With the upswing of emoji usage, online methods of communication and interaction have increasingly become more peppered with stickers, cartoons, GIFs, and all sorts of animations that are often better-equipped in expressing what we want to get across.
Sometimes, even, they can replace words and phrases altogether and still hammer the same effect, if not a greater one. Google knows how often people use these forms of communication so it's upping its stickers game.
New Allo Feature Makes Stickers Based On Your Face
Google is introducing a new feature on its Allo messaging app that can generate cartoon stickers out of one's selfies. Cartoon generation based on real photos isn't new: Nintendo has done it before with the 3DS, in which players can generate Miis based on selfies. But Google is, of course, a punch more advanced than the pack because it employs a more complex technique.
Its new feature generates stickers with the use of machine learning and neural networks, mapping out one's facial features to convert them into illustrated versions.
Lamar Abrams, whose credits include storyboarding for Steven Universe, is responsible for the animated stickers, which users can customize even further. The result is an array of different stickers featuring your own animated self that can be used in Allo conversations.
How Google Uses Neural Networks To Turn Selfies Into Cartoons
If you want to know how Google manages to convert selfies into illustration by virtue of neural networks, it published a blog post detailing the whole thing, which is definitely worth a read. But basically, the clever engineers at Google asked themselves how they can enable an algorithm to pick out qualitative features of faces in the same fashion as we humans do — meaning, computers, in addition to analyzing images pixel per pixel, must also take note of the surrounding visual context.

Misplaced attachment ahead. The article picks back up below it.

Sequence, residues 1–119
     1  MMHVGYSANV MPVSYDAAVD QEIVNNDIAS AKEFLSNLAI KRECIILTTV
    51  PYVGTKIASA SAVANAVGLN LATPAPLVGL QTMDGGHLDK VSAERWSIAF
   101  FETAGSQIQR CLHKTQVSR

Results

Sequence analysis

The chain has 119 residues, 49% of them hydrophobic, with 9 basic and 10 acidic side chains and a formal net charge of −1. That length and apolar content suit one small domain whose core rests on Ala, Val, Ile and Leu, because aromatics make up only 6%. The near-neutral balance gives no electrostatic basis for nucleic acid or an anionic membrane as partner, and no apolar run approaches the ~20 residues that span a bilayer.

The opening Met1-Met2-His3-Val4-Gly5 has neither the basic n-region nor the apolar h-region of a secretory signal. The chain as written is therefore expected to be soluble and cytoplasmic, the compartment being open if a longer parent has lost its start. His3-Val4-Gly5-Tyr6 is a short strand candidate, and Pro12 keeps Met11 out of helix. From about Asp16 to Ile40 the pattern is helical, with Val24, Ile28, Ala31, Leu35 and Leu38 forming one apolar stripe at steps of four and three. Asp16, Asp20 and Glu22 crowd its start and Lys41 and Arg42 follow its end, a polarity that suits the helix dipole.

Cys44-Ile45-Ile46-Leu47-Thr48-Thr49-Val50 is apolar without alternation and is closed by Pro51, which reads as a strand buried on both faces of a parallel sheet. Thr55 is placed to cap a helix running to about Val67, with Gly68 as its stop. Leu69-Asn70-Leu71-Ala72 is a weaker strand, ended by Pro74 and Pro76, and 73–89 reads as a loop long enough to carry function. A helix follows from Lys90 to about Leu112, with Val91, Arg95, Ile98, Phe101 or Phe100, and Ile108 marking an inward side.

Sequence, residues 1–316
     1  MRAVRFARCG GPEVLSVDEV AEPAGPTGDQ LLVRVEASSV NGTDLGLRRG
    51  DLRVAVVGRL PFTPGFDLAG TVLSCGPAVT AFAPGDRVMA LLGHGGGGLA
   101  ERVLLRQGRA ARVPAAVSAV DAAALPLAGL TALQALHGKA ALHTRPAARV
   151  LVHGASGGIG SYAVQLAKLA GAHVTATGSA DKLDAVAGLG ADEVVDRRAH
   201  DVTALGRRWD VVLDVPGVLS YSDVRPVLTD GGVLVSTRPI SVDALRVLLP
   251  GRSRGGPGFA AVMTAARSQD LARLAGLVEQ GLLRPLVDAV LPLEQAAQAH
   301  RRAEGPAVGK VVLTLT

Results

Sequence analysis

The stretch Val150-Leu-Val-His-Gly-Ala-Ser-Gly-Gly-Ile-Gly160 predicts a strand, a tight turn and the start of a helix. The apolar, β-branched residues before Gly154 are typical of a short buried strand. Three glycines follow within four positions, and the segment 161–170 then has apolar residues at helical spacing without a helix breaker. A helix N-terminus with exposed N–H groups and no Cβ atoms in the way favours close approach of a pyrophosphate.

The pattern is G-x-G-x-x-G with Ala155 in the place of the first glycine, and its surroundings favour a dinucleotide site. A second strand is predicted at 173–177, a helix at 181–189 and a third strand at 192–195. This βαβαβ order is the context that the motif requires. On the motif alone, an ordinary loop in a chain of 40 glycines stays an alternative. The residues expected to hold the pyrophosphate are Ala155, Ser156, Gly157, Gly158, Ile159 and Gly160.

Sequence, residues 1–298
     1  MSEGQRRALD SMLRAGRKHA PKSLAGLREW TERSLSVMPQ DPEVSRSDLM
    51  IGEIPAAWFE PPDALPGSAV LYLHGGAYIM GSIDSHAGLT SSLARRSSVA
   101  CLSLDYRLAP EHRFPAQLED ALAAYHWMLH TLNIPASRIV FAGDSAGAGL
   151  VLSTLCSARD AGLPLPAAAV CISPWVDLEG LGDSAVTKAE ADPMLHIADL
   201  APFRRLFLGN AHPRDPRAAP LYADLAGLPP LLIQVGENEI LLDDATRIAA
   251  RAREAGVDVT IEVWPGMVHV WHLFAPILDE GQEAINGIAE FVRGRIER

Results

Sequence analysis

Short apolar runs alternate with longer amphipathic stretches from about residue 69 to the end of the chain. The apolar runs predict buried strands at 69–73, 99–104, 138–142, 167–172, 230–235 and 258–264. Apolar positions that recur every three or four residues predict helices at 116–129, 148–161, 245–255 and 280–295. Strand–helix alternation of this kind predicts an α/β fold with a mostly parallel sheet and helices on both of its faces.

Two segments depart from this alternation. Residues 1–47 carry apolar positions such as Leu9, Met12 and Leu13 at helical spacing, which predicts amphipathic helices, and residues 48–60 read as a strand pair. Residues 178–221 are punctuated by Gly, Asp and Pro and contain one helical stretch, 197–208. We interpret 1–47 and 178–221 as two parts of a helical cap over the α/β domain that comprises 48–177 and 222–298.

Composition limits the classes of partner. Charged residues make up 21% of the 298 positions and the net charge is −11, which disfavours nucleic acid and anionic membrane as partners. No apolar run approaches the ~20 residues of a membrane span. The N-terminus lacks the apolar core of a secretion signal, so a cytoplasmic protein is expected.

This search led to some experiments on some of Google's general purpose computer vision neural networks. The team found out that a few neurons among the millions in its neural networks were adept at focusing on components they weren't trained to look at. This concept seemed useful for the team in building stickers from selfies.
Then, it was just a simple process of elimination. The neurons already know how to abstract away things they didn't need, so all Google had to do was to provide human-labeled examples "to teach the classifiers to isolate out the qualities that the neural network already knew about the image."
Google worked with artists to design the illustrations, and it trained the network to find a certain animated counterpart that matches a given selfie the closest. In some instances, the network got it wrong. So artists made more illustrations and added them to the pile.
Google says that the illustrations are not meant to replicate the person's facial features, rather, it's more about breaking the rules of representation. To that end, the illustrations look wacky and cartoon-like, as opposed to full-on digital renders based on selfies.
Noting the popularity emoji has generated over the years, Google is excited about the reception to its neural network-powered stickers.
"[I]t's not hard to imagine how this technology and language evolves. What will be most exciting is listening to what people say with it."